From talking and discussing, the two men went to their knees praying and praising. It was about midafternoon on the second day that Billy began pouring out his heart "in a prayer of total dedication to the Lord." According to Stephen, "all heaven broke loose in that dreary little room. It was like Jacob laying hold of God and crying , 'Lord, I will not let Thee go except Thou bless me.' "

    They came to a time of rest from prayer. Billy exclaimed, "My heart is so flooded with the Holy Spirit!"  They alternately wept and laughed, and Billy began walking back and forth across the room, saying, "I have it! I'm filled. I'm filled. This is the turning point of my life. This will revolutionize my ministry."

    Said Olford, "That night Billy was to speak at a large Baptist church nearby. When he rose to preach, he was a man absolutely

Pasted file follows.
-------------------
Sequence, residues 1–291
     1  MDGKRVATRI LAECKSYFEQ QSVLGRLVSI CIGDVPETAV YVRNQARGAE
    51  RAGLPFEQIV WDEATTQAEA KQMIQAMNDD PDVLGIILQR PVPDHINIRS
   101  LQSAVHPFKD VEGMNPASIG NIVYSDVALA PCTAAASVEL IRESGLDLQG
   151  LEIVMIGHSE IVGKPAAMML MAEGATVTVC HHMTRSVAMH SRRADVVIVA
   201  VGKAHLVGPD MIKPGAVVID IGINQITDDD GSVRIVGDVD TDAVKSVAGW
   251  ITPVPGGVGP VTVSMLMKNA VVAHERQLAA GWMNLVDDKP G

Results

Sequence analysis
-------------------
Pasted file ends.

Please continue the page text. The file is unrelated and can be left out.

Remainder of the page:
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anointed." Billy's Welsh audience seemed to sense it. They came forward to pray even before the invitation was given. Later when it was given, Olford said, "The Welsh listeners jammed the aisles. There was chaos. Practically the entire audience came rushing forward."

    Stephen drove back to his parents' home that night, deeply moved by Billy's new authority and strength. "When I came in the door," he said later, "my father looked at my face and asked, 'What on earth has happened?'

    "I sat down at the kitchen table said, 'Dad, something has happened to Billy Graham. The world is going to hear from his man. He is going to make his mark in history.' "3 The heavenly reservoir had overflowed.